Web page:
Hand Doctor Discusses Lateral Epicondylitis (Tennis Elbow)
Lateral epicondylitis is the medical term for tennis elbow, a common condition that causes pain on the outside part of your elbow. Tennis elbow is an overuse injury that can develop after playing tennis or other racquet sports, although people can develop lateral epicondylitis after engaging in other activities. Lateral epicondylitis can prevent you from going to work, attending school, playing sports, or taking care of your family. Fortunately, a hand doctor can diagnose and treat lateral epicondylitis.
About Lateral Epicondylitis
Tendons connect muscles to bones; muscles pull on tendons to move bones at the joints where two or more bones come together. Three bones come together to form your elbow joint: the humerus bone in your upper arm and the two bones in your forearm. There are several boney bumps, known as epicondyles, on the humerus bone. The boney bump on the outside, or lateral side, of your elbow is the lateral epicondyle.
The suffix –litis means inflammation, so epicondylitis means inflammation near an epicondyle. Epicondylitis develops when repetitive stress causes small tears in the tendons that join the muscles of your forearm to the bones on the outside of your elbow become inflamed. These small tears cause inflammation that leads to pain and tenderness where the tendons meet the bones.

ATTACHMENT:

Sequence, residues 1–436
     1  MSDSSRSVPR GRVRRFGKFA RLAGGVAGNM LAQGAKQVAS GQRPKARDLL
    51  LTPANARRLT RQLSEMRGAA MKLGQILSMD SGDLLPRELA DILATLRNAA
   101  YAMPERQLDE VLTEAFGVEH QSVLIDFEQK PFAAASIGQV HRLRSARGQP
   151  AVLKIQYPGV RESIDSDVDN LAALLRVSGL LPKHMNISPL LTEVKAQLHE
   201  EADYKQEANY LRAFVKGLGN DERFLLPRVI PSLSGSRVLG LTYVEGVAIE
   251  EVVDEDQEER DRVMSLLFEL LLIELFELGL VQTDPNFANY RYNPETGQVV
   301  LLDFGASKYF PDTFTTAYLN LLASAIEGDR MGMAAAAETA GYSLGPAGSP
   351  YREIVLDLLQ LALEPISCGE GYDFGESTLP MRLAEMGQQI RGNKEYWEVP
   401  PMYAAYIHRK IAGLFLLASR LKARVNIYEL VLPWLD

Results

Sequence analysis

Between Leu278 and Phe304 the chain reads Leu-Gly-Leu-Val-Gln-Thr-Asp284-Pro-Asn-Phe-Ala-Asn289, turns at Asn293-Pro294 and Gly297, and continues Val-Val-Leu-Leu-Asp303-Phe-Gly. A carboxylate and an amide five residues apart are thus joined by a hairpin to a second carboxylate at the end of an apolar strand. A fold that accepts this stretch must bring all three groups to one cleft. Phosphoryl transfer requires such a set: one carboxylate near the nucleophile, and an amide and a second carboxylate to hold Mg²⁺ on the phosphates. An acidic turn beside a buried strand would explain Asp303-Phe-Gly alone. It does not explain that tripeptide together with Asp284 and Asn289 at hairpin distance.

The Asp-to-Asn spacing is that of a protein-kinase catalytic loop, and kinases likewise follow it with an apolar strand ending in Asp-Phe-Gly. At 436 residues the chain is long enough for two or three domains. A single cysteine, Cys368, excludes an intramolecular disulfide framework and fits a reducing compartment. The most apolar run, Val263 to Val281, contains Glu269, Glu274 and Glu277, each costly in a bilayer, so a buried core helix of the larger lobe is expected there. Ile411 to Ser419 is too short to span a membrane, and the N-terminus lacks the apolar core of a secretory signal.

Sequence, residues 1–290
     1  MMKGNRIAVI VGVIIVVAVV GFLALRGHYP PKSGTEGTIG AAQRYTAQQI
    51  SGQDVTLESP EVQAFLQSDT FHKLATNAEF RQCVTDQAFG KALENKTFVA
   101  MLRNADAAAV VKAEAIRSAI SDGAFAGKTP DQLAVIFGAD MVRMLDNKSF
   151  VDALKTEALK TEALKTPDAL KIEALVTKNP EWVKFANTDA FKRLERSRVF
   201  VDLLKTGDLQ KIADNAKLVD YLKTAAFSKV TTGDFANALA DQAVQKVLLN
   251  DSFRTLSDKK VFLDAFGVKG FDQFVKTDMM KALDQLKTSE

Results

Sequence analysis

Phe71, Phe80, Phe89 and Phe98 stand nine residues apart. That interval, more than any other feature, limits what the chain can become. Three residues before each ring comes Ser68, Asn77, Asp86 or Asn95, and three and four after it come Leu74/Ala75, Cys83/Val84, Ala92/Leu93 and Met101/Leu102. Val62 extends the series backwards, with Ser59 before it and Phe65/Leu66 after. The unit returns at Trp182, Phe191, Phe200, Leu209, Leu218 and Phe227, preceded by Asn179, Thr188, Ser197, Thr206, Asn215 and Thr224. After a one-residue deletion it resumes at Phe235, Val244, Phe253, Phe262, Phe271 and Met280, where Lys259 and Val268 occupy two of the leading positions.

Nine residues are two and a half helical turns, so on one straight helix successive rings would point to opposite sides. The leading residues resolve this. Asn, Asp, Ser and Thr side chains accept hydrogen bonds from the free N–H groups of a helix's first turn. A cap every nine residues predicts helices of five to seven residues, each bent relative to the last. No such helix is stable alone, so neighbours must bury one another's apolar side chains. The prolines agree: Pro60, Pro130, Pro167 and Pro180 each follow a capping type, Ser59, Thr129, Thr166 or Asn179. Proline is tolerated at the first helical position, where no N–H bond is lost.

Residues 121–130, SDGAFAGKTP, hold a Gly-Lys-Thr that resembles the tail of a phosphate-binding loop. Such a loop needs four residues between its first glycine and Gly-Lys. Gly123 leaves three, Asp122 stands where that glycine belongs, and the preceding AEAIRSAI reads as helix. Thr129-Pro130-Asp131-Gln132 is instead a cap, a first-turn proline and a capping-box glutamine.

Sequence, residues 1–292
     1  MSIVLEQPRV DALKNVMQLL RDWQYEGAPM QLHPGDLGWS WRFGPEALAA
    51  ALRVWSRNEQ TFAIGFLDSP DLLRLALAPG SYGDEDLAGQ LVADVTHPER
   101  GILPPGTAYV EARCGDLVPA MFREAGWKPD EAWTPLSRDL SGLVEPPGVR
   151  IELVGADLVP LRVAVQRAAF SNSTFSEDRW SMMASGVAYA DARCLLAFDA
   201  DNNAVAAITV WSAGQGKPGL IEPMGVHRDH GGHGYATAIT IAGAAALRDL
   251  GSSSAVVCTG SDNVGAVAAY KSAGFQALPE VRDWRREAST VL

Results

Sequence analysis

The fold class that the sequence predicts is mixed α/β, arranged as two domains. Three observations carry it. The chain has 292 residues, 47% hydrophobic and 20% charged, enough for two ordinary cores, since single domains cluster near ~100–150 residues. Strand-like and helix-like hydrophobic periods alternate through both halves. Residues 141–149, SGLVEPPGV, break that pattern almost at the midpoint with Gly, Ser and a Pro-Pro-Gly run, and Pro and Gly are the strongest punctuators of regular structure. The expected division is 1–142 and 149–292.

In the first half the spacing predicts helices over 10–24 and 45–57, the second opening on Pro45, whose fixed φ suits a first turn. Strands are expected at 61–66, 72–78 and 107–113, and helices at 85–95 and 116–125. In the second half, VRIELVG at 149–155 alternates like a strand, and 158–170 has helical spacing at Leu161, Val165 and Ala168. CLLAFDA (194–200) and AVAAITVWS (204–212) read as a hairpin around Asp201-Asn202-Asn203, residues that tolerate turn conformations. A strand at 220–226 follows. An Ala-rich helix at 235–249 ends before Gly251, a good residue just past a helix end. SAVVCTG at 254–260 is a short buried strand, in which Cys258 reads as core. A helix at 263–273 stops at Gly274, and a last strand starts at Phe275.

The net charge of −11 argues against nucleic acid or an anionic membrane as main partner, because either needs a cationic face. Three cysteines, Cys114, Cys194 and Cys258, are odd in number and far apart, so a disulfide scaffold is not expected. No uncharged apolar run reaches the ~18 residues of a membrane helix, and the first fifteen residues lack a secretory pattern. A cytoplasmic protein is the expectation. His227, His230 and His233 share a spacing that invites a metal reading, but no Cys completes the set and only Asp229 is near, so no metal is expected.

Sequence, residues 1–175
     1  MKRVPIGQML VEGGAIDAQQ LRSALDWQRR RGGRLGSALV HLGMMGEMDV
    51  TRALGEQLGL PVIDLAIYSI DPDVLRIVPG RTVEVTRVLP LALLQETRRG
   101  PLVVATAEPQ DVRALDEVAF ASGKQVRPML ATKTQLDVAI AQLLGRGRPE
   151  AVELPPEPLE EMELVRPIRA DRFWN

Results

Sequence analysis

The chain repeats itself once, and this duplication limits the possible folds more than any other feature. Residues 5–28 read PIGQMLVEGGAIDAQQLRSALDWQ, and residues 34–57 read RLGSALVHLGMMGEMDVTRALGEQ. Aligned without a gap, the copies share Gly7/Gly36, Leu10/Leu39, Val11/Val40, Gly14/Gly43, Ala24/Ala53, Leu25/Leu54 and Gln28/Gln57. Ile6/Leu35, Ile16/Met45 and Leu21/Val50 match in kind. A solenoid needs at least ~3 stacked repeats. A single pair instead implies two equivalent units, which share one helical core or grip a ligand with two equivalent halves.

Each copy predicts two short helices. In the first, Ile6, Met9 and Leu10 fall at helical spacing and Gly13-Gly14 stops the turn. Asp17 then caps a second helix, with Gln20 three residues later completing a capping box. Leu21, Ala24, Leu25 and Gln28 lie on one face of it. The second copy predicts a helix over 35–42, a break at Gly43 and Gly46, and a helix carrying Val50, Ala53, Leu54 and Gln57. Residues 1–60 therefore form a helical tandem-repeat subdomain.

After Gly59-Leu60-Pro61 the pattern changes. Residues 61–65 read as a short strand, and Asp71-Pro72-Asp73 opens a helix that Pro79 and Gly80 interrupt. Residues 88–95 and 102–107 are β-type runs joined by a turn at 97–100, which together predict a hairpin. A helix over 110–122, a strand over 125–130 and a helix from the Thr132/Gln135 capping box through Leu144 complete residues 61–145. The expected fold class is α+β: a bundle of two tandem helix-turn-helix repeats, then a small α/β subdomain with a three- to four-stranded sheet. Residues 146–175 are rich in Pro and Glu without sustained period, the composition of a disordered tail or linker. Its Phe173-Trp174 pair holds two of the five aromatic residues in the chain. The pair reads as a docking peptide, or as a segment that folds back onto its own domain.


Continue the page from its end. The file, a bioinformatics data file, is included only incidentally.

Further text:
Symptoms of tennis elbow include pain or burning at the outside of your elbow, and weak grip strength. Performing certain actions with your forearm, such as holding a racquet, shaking someone’s hand or turning a screwdriver can make symptoms worse.
Tennis elbow is most likely to affect your dominant arm, although you can develop the painful condition on either arm.
While anyone with certain risk factors can develop tennis elbow, the American Academy of Orthopedic Surgeons says that most people who develop the condition are between the ages of 30 and 50.
Hand Specialist Discusses Diagnosis and Treatment for Lateral Epicondylitis
A hand specialist can diagnose and treat lateral epicondylitis. The hand doctor will examine your hand and arm, review your symptoms, and discuss your risk factors for tennis elbow. Be sure to tell your doctor if you have ever injured your elbow or if you have a history of nerve disease or rheumatoid arthritis.
Your hand doctor may order tests to aid in diagnosis. These tests include x-rays, magnetic resonance imaging (MRI), and electromyography (EMG).
Most patients – 80 to 95 percent – do not need hand surgery and respond well to conservative treatments, such as rest, non-steroidal anti-inflammatory drugs (NSAIDs), physical therapy, bracing and occupational therapy. Cortisone injections may help patients who do not respond to conservative treatments. Your hand surgeon can help you determine if hand surgery is right for you.
If you have elbow pain, consult with your hand doctor to learn more about lateral epicondylitis.